EACH fresh theory of life which is put forward by thinkers will doubtless find a certain number of adherents, even if, as in the present instance, it is unsupported by anything in the nature of experimental evidence. This sort of evidence is just the kind which it is so difficult to obtain, and new theories lead one but very little nearer to the solution of the great problem. Auerbach's brochure contains nothing reallynew, and he clothes his ideas in a considerable amount of verbiage. No one can doubt that life with its characters of growth and development is a form of energy, but the psychical aspects of life have always been a stumbling-block in the full acceptance of a purely physical theory. Ectropism, the term selected by the author, is not entirely a physical theory; he tells us that ectropism is neither materialism nor idealism, neither formalism nor phenomenalism; it is certainly not monism, but, in a certain sense, it is dualistic. From this one learns what ectropism is not, and one could wish that the rest of the book, which tells us what it is, was equally explicit. We must, however, leave those of our readers who are interested in speculations of this nature to unravel it for themselves.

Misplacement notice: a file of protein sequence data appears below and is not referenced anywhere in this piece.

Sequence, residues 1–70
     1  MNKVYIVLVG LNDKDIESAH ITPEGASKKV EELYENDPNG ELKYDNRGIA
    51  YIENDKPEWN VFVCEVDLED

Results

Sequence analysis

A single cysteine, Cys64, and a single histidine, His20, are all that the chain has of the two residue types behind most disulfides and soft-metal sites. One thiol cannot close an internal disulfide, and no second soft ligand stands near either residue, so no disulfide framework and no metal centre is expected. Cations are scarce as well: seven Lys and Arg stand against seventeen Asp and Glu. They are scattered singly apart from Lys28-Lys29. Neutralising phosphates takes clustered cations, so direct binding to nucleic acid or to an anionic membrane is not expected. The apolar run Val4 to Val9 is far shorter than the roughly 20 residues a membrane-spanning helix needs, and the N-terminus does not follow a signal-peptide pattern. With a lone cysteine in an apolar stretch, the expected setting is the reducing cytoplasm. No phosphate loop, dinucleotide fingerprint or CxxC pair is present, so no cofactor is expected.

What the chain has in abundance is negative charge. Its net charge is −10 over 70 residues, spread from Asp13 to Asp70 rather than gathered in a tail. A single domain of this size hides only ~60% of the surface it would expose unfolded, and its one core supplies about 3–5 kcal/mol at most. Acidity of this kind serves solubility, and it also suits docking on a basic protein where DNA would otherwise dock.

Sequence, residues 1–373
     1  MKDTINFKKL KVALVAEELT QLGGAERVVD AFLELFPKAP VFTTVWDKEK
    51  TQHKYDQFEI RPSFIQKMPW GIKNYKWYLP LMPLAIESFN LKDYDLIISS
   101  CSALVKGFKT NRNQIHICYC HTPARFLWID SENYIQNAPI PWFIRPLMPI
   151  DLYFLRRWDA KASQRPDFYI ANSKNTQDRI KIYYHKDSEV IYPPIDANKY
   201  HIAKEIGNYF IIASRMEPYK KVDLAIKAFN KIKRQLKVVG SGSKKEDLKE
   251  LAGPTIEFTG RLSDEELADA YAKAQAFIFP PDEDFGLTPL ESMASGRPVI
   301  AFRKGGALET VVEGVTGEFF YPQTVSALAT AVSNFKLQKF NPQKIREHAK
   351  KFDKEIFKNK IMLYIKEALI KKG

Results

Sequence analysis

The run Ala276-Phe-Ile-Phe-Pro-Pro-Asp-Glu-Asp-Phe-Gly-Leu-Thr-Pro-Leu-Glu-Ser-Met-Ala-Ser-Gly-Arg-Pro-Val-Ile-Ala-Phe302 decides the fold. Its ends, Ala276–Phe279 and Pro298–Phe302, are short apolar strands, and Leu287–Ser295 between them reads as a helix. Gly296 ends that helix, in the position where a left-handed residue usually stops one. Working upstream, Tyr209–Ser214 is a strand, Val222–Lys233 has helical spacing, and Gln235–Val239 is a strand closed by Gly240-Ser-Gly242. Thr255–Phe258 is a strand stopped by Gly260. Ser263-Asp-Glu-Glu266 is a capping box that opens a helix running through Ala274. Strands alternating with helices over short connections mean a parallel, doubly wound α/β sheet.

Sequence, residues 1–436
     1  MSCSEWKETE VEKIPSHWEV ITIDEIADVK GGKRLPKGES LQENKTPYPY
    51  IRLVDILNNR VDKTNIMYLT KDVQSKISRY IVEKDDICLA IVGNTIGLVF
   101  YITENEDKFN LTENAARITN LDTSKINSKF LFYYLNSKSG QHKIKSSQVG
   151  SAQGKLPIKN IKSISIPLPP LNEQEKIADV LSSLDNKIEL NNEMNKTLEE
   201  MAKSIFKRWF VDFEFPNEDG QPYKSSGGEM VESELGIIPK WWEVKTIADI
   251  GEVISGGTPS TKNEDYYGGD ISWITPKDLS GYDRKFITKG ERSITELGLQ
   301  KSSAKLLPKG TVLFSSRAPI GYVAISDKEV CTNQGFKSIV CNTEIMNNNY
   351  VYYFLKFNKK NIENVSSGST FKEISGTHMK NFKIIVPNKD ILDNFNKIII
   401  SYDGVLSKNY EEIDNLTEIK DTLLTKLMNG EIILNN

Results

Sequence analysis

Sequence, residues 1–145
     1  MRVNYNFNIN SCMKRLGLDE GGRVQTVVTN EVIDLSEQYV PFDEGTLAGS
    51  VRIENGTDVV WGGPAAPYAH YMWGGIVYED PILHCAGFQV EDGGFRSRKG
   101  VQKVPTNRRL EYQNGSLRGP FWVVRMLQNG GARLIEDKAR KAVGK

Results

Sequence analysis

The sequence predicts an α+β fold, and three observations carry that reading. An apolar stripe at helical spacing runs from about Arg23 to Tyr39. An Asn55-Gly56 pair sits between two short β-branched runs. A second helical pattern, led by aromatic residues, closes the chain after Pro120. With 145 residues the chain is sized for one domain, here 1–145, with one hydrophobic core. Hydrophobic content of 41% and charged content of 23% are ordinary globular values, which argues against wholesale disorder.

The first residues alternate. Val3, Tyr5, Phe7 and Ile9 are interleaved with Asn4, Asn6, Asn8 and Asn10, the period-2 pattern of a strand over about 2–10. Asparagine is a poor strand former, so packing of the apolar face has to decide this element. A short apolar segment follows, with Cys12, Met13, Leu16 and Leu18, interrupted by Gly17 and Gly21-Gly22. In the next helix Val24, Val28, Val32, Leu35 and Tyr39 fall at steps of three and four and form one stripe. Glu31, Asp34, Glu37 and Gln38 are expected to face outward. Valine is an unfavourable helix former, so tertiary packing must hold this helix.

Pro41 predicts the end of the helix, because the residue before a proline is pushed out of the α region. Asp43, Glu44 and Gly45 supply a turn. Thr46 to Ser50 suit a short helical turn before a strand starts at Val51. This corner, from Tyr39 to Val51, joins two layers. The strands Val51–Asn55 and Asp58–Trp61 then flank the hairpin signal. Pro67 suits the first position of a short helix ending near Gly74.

Ektropismus oder die physikalische Theorie des Lebens.
By Felix Auerbach. Pp. v+99. (Leipzig:W. Engelmann, 1910.) Price 2.60 marks.